1973 Surtees TS14
John Surtees remains the only man to win world championships on two and four wheels. His team raced in F1, F2 and F5000 from 1970 to 1978 having somewhat mixed fortunes, mostly due to financial instability. The TS14 was the last car he drove before stopping driving his last F1 race being the 1972 Monza Italian GP. It seems he had a soft spot for the car. These were the words of John Surtees in an interview about the restoration of Carlos Pace s race car TS16-03.
“The TS14 is a story of what could have been, with better team funding and a dedicated tyre development programme we could have achieved far more with the car. Certainly with drivers of the calibre of Pace and Hailwood behind the wheel it could easily have been a Grand Prix winner.”
Instead of being a race winner it really marked a watershed for the team. F1 is about money, and if you can t secure substantial and regular finances you can t develop and move on. To attract sponsorship money you need success, to get success you need money. This was the merry-go-round that frustrated Surtees all the way through its life. The TS14 was it s best car to date but it had an terrible habit of consuming tyres. Firestone were the teams contracted suppliers but they were pulling out of F1 and couldn't be persuaded to put in the time and money to develop the tyres. The car slipped further and further off the pace.
The car should have done better, being well on the pace in initial testing. It is historically important as the first car to comply with the new mandatory, safety led, crumple-zone legislation. It s side pods housed the radiators, as was becoming popular amongst constructors, but it was also designed to absorb energy in crashes. Just as well as the car suffered a series of accidents which put even more pressure on the teams finances and development programs. The TS14 never reached its potential and the Surtees team never secured the backing to repeat the potential of this car.
Our car represents the chassis driven by José Carlos Pace at the Belgian Grand Prix on the 20th May 1973. This race is best remembered for the controversy over the track surface breaking up. In the race itself Stewart and Fittipaldi battled for the win which Steward took and virtually cemented his third world championship. Pace's race was largely anonymous run to eighth place. Pace gave the TS14 it's best result with a podium at the Austrian GP, at the Österreichring on 19 August 1973. This was largely due to faster cars crashing or suffering reliability problems. Pace did win his on track battle to get in front of Reutemann and that gave Surtees their best result of the season. Halfway through 1973 Pace parted company with the Surtees outfit.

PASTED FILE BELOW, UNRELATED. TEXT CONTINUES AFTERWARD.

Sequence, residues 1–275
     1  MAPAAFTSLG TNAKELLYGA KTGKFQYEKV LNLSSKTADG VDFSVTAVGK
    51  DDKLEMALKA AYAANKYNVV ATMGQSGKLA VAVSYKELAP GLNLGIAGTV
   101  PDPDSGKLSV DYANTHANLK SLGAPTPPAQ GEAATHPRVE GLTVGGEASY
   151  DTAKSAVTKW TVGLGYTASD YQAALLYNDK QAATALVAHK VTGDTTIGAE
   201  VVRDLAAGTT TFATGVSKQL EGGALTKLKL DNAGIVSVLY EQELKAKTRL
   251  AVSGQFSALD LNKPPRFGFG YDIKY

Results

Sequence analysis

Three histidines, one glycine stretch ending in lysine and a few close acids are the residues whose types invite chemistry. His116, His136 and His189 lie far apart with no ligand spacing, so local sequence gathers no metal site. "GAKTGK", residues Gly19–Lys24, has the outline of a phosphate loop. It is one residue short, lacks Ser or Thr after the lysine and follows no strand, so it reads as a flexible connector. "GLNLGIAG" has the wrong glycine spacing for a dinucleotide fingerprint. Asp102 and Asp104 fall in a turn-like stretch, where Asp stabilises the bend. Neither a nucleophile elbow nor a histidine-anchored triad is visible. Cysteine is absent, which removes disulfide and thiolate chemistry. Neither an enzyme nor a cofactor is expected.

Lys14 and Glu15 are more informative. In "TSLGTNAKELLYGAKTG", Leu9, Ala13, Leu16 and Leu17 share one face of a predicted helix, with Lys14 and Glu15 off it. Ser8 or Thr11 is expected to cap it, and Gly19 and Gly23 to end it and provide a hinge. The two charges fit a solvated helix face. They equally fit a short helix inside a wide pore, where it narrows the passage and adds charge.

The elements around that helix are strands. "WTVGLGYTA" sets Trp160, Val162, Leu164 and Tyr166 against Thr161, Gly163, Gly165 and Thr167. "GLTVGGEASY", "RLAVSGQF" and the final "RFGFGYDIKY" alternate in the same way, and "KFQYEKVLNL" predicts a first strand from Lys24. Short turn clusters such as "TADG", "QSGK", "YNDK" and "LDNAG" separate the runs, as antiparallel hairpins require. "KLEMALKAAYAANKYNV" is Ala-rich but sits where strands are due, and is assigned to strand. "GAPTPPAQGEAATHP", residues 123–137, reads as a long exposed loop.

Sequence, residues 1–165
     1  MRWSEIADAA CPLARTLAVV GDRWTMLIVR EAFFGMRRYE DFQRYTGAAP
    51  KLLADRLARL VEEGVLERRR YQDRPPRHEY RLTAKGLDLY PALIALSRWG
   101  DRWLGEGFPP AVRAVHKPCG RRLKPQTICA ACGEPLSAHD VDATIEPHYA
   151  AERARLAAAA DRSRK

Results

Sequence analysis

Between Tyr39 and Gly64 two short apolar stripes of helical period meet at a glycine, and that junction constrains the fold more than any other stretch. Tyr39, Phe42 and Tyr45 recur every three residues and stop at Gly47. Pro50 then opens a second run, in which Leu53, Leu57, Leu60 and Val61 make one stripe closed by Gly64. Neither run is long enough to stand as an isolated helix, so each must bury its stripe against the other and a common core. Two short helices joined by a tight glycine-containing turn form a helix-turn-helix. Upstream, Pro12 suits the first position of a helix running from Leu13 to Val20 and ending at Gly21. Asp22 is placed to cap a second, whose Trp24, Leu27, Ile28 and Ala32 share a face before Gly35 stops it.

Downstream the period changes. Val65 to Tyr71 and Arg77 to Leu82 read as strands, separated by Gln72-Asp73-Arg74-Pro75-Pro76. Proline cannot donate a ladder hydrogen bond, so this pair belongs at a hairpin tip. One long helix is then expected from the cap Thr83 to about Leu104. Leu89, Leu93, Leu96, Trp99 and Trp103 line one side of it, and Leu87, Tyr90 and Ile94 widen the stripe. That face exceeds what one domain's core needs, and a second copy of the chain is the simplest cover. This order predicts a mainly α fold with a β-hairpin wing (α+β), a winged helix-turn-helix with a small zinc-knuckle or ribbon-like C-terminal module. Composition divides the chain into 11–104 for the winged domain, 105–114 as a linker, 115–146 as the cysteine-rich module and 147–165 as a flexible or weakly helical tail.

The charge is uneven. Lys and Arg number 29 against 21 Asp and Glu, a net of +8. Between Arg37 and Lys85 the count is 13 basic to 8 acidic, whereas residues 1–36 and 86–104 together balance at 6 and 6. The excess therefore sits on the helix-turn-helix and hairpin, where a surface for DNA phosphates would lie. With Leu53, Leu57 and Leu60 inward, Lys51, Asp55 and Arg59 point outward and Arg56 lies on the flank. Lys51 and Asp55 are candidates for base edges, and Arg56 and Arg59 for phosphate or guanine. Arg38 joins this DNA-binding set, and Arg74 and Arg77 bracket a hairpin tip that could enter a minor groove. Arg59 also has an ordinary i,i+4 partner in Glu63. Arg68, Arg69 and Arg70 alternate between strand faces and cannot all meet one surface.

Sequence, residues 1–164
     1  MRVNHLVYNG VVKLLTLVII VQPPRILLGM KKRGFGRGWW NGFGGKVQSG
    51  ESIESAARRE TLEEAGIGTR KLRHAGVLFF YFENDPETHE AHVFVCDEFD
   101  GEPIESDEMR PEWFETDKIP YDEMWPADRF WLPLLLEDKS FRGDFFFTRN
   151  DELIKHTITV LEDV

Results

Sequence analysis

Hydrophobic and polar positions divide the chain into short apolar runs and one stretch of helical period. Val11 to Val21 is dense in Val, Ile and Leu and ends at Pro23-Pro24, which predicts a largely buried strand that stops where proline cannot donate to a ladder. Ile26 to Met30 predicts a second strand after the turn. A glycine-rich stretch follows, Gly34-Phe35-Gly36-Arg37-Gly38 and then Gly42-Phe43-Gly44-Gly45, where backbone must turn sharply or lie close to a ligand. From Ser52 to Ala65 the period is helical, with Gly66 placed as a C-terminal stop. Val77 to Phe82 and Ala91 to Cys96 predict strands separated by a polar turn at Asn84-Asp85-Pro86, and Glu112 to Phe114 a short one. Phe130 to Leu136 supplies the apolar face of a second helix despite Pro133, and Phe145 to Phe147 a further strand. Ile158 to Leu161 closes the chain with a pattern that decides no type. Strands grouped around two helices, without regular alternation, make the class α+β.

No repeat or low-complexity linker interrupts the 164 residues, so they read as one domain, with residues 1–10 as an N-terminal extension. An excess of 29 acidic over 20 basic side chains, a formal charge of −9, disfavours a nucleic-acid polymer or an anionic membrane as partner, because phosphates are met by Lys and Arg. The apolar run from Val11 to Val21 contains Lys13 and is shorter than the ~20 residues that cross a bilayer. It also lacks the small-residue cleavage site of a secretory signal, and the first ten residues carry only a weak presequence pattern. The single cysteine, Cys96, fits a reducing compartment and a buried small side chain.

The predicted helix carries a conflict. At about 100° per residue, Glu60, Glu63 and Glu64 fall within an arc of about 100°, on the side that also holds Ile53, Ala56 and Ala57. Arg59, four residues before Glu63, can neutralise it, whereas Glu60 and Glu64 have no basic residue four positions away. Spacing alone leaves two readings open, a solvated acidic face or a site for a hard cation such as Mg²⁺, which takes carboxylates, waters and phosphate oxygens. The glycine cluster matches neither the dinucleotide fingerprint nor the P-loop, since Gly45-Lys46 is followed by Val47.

Alfa Brazilian Miniatures are a little known Brazilian firm that have made a variety of kits over the years across several scales for different genres of automotive models.
This kit benefits from some Tamiya derived sprues for the engine but most of it is hand crafted and the castings in white metal and resin are not at the standard of Japanese companies. On the plus side the subjects are interesting and unlikely to be offered by mainstream manufacturers. When one considers that one person is responsible for not only the creating of the master parts, but also their casting production, it is fair to say the kit is actually very good value for money.
The reason so few of these kits are seen built is that there is still a large amount of scratch building work for the builder undertake. While the kit supplies all the raw materials it also gives good plans and templates for the builder to work too. Sadly too few people trust their own abilities to take on this work and the parts go back into the box, untouched.
Ian spent four years tackling this kit, little by little overcoming the scratch building frustrations to end up with an unusual and rare model. Whenever it has been taken out to model shows it always draws attention, questions and comments.
The body is painted with Halfords acrylic car spray paints as is much of the block painting of the chassis and engine. This paintwork is supplemented by Citadel acrylic paints and ink washes from the Games Workshop range.
The kit has had an aftermarket seatbelt set added to give the cockpit a lift and a variety of other details were also scratch built in order to create the illusion of reality. Ian could have gone a lot further in improving this kit but after four years completion took on more urgency and Ian went with what was needed. All in all it still looks good though.
RETURN TO :-